(CN) - Arbitration clauses in credit card contracts can be struck down as unconscionable under state law if they bar consumers from class arbitration, the 3rd Circuit ruled.
The federal appeals court in Philadelphia reinstated a lawsuit accusing American Express of misrepresenting the terms of its Blue Cash card rewards program.
The contract for the card included an arbitration clause that forced consumers to arbitrate any claims individually instead of as a class action.
Lead plaintiff G.R. Homa said the class-arbitration waiver illegally barred groups of consumers from collectively arbitrating claims that, decided individually, would yield only small awards.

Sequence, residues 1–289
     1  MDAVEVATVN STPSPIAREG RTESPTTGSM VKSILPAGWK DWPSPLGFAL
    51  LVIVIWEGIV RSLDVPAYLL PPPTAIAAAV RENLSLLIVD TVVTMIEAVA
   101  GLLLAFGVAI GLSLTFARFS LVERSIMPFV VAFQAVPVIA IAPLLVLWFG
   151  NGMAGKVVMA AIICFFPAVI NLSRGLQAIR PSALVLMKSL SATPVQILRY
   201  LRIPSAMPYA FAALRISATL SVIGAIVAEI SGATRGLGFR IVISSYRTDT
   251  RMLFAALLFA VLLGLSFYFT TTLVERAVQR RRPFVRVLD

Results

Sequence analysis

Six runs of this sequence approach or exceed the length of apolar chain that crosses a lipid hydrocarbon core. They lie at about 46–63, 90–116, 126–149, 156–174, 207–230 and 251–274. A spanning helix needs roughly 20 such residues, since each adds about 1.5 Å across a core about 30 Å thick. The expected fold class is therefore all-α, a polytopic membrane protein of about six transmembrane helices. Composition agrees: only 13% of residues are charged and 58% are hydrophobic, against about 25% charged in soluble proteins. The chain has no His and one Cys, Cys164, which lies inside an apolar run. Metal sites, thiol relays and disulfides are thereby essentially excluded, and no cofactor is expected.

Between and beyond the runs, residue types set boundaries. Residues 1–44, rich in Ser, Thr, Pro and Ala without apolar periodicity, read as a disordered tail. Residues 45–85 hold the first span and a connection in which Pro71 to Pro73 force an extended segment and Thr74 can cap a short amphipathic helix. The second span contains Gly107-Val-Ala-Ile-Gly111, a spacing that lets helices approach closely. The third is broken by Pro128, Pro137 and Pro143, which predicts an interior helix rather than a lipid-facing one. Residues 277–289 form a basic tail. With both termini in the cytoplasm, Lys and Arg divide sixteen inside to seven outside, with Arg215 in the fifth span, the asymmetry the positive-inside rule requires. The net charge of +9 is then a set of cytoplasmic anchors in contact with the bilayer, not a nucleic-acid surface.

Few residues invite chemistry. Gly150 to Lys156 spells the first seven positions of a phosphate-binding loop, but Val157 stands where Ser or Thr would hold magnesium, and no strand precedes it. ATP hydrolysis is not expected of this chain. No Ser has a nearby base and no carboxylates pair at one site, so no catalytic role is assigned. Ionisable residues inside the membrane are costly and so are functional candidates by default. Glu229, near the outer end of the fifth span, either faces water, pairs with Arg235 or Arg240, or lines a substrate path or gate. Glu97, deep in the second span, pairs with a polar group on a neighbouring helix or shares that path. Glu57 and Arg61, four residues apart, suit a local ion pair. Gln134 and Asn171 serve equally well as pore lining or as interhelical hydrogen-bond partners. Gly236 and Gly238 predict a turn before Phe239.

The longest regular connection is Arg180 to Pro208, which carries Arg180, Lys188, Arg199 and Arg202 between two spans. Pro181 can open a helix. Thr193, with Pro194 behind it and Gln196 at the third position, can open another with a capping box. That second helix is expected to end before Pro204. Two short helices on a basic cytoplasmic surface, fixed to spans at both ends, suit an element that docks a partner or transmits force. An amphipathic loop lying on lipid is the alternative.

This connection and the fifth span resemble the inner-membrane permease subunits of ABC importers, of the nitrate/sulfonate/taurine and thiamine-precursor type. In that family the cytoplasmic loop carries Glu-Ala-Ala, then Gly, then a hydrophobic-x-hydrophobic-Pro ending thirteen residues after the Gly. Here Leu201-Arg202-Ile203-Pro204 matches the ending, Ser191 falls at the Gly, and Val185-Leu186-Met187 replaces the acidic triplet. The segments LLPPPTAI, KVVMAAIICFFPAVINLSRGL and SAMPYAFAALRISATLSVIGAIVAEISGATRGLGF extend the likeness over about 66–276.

American Express, who issued the card through its American Express Centurion Bank in Utah, argued that Utah law allows class-arbitration waivers in consumer credit agreements.
But Homa urged the court to apply the laws of his home state, New Jersey, which prohibit certain class-arbitration waivers.
The district court ruled for American Express, but the 3rd Circuit reversed.
Judge Van Antwerpen predicted that the New Jersey Supreme Court would find that New Jersey had a greater stake in the case than Utah and would apply New Jersey law.
In that vein, the court held that "if the claims at issue are of such a low value as to effectively preclude relief if decided individually, then ... the application of Utah law to class-arbitration waiver is invalid and the class-arbitration waiver is unconscionable."
Plaintiffs' attorneys hailed the ruling as a major victory for consumers.
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